2016 Mazda CX-9: Car Seat Check

16Mazda_CX-9_CSC_Lead_AC_new.jpg 2016 Mazda CX-9 | photo by Angela Conners

CARS.COM — For 2016, Mazda brings a host of improvements to the redesigned CX-9, and top among those is a robust new turbocharged four-cylinder engine and updated styling, inside and out. For families, the seven-seat SUV’s new slide-and-tilt second row is a significant boon to getting your kiddies safely secured in the third row with as little bending, squeezing and twisting as possible. And while the CX-9 faltered in a couple of areas, by and large the 2016 version is an improvement over the outgoing model.

More Car Seat Checks

How many car seats fit in the second row? Two

What We Like

  • It was easy to install our infant seat using its thin, hooklike connectors. The front passenger had ample legroom with both the infant and rear-facing convertible seat installed.
  • Our convertible seat in the forward-facing position fit well in both the second and third rows. The second row required raising the head restraint, while the fixed head restraint in the third row was thin enough not to interfere.
  • After raising the head restraint in the second row, the booster fit well; the seat belt buckles are on short, stable bases, making them easier for kids to grasp. The third row also has stable seat belt stalks and the fixed head restraint did not interfere.
  • The new third-row access feature is handy; the passenger side of the second row slides and tilts forward even with a forward-facing car seat installed.
  • All the top tether anchors are easy to find and use. There are three of them on the second-row seatback and one on the passenger side of the two-position third row.

What We Don’t

  • The second row’s lower Latch anchors are recessed into the stiff upholstery and tucked under a flap that interferes with access, particularly when trying to connect using our convertible seat’s rigid connectors; the rear-facing position was a particular chore due to the shape of the seat’s base so it lost an additional point.
  • Despite improved access to the third row, it remains a rather tight squeeze.

Grading Scale

A: Plenty of room for the car seat and the child; doesn’t impact driver or front-passenger legroom. Easy to find and connect to Latch and tether anchors. No fit issues involving head restraint or seat contouring. Easy access to the third row.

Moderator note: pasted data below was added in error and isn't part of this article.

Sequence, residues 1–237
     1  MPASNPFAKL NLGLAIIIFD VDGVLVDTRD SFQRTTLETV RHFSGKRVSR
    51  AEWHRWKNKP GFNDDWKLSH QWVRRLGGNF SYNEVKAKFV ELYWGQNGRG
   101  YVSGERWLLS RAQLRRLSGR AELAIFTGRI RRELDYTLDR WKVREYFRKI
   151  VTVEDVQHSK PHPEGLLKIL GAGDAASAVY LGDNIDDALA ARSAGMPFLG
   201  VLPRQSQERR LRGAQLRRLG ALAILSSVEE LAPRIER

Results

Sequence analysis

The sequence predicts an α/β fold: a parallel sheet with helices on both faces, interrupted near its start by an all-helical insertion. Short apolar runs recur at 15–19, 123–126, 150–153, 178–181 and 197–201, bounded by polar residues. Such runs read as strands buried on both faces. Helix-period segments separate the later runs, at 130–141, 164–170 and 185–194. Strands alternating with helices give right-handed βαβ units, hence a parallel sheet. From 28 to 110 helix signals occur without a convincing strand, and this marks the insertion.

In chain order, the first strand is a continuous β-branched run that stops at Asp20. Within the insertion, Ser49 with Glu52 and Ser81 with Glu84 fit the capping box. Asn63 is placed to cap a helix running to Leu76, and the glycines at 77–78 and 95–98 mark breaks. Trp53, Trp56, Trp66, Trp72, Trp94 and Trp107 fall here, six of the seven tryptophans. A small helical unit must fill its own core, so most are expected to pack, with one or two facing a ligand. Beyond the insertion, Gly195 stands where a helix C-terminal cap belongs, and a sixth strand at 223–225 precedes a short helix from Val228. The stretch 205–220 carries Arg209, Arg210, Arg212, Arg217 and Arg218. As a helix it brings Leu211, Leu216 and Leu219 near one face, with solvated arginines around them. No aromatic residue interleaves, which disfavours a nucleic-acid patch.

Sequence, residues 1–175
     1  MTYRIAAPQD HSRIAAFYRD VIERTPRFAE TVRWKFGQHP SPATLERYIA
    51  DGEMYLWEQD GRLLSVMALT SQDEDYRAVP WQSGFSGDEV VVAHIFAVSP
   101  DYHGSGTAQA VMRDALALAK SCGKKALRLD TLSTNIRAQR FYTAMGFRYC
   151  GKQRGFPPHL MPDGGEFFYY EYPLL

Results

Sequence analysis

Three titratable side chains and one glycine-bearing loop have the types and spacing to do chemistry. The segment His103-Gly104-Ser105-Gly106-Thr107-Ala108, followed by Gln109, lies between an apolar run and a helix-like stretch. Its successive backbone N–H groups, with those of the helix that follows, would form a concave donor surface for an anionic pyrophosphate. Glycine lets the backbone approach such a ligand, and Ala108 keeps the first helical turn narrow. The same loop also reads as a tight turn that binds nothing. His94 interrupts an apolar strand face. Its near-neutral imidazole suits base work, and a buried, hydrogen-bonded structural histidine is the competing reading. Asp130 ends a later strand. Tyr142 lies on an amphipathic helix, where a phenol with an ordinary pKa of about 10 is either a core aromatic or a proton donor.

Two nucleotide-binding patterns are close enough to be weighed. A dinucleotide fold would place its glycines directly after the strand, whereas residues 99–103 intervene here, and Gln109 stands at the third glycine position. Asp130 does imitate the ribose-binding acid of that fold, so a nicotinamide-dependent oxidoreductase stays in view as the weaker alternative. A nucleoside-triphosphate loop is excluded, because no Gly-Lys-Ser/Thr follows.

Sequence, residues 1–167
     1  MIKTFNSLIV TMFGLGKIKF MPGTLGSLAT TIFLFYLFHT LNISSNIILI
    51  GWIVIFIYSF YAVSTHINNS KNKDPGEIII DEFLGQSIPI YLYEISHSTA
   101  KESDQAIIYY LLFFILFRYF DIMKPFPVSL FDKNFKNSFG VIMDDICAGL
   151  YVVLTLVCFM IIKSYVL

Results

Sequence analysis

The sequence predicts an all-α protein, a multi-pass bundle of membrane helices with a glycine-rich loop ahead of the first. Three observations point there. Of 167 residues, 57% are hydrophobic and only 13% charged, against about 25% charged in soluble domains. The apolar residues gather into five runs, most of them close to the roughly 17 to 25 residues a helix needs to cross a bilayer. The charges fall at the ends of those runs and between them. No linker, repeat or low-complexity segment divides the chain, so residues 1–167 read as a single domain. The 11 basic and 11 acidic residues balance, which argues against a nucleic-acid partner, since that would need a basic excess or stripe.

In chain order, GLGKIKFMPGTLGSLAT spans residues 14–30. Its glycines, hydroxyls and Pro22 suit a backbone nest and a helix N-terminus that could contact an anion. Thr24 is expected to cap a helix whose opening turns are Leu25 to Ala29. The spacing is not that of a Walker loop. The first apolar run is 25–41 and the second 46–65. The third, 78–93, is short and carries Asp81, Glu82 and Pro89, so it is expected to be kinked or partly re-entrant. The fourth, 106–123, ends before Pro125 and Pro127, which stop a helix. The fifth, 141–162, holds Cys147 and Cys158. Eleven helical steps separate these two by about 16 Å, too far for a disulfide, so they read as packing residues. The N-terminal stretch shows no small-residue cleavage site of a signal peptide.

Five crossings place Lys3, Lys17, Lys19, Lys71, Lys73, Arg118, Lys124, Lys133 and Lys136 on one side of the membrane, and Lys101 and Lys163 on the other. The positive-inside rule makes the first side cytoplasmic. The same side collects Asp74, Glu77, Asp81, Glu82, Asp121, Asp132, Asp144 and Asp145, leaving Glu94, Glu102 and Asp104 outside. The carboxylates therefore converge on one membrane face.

B: Plenty of room. One fit or connection issue. Some problems accessing third row when available.

C: Marginal room. Two fit or connection issues. Difficult to access third row when available.

D: Insufficient room. Two or more fit or connection issues.

F: Does not fit or is unsafe.

About’s Car Seat Checks

Editors Jennifer Geiger, Jennifer Newman and Matt Schmitz are certified child safety seat installation technicians.

For the Car Seat Check, we use a Graco SnugRide Classic Connect 30 infant-safety seat, a Britax Marathon convertible seat and Graco TurboBooster seat. The front seats are adjusted for a 6-foot driver and a shorter passenger. The three child seats are installed in the second row. The booster seat sits behind the driver’s seat, and the infant and convertible seats are installed behind the front passenger seat.

We also install the forward-facing convertible in the second row’s middle seat with the booster and infant seat in the outboard seats to see if three car seats will fit; a child sitting in the booster seat must be able to reach the seat belt buckle. If there’s a third row, we install the booster seat and a forward-facing convertible. To learn more about how we conduct our Car Seat Checks, go here.

Parents should also remember that they can use the Latch system or a seat belt to install a car seat, and that Latch anchors have a weight limit of 65 pounds, including the weight of the child and the weight of the seat itself.

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